(IPS) Eluminada Roca has lived all her life next to the Leyte Sab-a Basin peatlands. The grandmother from of San Isidro village in Philippines’ Leyte island grew up looking at the green hills that feed water to the peat land, she harvested tikog—a peatland grass to weave mats—and ate the delicious fish that was once in abundant in the waters.
But today, the land is losing its water, the grass is disappearing and the fish stock has drastically decreased.
The community is mainly subsistence food growers and dependent on the catching and selling of fish both for consumption and sale.
So, at the age of 70, Roca has joined hands with women of her village to restore the peatland to its previous health.
In the 1970s, the government of Philippines encouraged its people to clear the peatland forests and start farming.
In Leyte Sab-a Basin, it resulted in destroying some hills to build roads and canals. However after decades, the canals are draining the peatland water, making them go dry. Fortunately, there is now a new effort to undo the damage.
In a hot, March afternoon, Roca sits with the members of San Isidro Village Women’s Association, discussing why they must restore the peatland.
“We need to make the peatland whole again, so we can resume our life as it used to be,” Roca is heard saying.
Everyone nods in agreement, including Janeline Garica who, at 32, is the youngest woman in the group.
Peatland – crucial to combat climate change
Peatlands are wetland ecosystems where the soil is composed of 65 percent or more organic matter derived from dead and decaying plant materials submerged under high water saturation.
They preserve global biodiversity, provide safe drinking water, minimize flood risk and help address climate change. According to the International Union for Conservation of Nature (IUCN) peatlands store as much as 30 percent of the global carbon.
But, damaged peatlands are also a major source of greenhouse gas emissions. So, when drained and damaged, they worsen climate change, emitting two giga-tons of carbon dioxide (CO2) every year, which accounts for almost six percent of all global greenhouse gas emissions.
Peatland restoration can therefore bring significant emissions reductions. Countries have been urged to include peatland restoration in their commitments to global international agreements, including the Paris Agreement on climate change.
Peatland in Philippines
According to the data published by the Department of Environment and Natural Resources (DENR), the total area of identified peatlands in the Philippines is 20,000 hectares, including Leyte Sab-a Basin peatland. Spread over four villages, including San Isidro, this is one of the two major peatlands in the country.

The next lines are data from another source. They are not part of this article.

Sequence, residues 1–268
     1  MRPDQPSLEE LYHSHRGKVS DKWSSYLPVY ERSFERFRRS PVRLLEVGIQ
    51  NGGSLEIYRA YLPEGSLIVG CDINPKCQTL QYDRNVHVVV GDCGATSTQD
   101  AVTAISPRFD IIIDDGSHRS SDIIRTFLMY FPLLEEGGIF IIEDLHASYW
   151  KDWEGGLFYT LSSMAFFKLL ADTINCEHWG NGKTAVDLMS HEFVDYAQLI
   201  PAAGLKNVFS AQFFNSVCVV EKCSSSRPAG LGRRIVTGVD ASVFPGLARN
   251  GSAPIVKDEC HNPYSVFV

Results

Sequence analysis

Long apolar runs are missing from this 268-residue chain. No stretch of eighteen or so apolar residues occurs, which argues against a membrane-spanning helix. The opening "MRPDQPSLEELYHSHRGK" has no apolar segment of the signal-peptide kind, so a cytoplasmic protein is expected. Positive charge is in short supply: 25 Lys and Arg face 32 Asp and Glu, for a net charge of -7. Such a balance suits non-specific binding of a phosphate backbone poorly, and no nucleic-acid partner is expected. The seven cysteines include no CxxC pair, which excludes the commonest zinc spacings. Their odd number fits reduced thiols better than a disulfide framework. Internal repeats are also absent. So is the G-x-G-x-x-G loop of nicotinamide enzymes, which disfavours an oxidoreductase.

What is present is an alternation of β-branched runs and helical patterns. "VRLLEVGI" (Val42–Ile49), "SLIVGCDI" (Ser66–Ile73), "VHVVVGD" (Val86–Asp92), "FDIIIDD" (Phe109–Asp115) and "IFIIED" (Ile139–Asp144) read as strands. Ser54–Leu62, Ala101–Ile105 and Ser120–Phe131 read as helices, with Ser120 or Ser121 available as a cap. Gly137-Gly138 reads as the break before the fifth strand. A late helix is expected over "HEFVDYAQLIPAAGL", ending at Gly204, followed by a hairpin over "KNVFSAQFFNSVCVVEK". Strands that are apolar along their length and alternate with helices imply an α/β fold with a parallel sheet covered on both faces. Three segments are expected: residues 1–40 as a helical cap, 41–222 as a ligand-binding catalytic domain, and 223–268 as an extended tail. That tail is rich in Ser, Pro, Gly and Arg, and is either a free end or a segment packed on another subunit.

In 2013, when Philippines was hit by the devastating typhoon Hayan (locally known as Yolanda), everything in Leyte and its capital city Tacloban was razed to the ground. According an Oxfam report, the natural disaster had “brought out the greater vulnerabilities of women, children, persons with disabilities, elderly people and the LGBT individuals in already poor communities.”
As they struggled to get their lives back in track, the locals who live near the peatland areas began to notice the changes around them. They started identifying them one by one. The trees, including Lanipao (Terminalia copelandii), and syzygium flowering plants, were destroyed; and the bats, the birds and Tarsier—an endangered species of monkey—that inhabited the peatlands were almost gone.
The loss of the wildlife concerned the local communities, with many feeling that the peatland was becoming unhabitable.
In 2017, WEAVER—a women’s-led NGO in Tacloban started a project to restore 1180 hectares of Leyte Sab-a Basin peatland by roping in local women. Today, with support from the local government, the Visayas State University and International Institute for Rural Reconstruction, an international NGO.
“It is a project where the local women will be the main actors. The different partners will contribute by doing research on what alternative crops can the locals grow, what alternative livelihood they can have because they cannot just be taken out of the place. We will help them organise, give them training and help them have an income through peatland restoration,” Paulina Lawsin Nayra, founder of WEAVER, tells IPS.
According to Nayra, training of the women will begin after April which will include deepening their knowledge of peatland, its link to climate change, its vulnerability to fire and the various ways to restore it.
The training will include collecting seeds and planting the trees that only grow on peatland, vigilance against fire as peatland are very vulnerable to forest fire and keeping nurseries.
While they are yet to be formally trained in the restoration work, the women of San Isidro already are looking at the future.
“If we plant enough trees, birds will be back and we can start a bird sanctuary which can be a tourist attraction,” Maria Cabella, 52, who heads the village women’s group, tells IPS.
“We can also starts a ropeway cable car for the tourists to enjoy the view of the peatland below,” Estilita Cabella, 42, tells IPS. “We can restart making tikog mats,” reminds Roca.
But for Janelina Garcia—the young mother—the future health of the peatlands is related closely to the future of 9-month-old son.
“Once we restore the peatland, my husband can catch enough fish to support our child,” she tells IPS with a smile.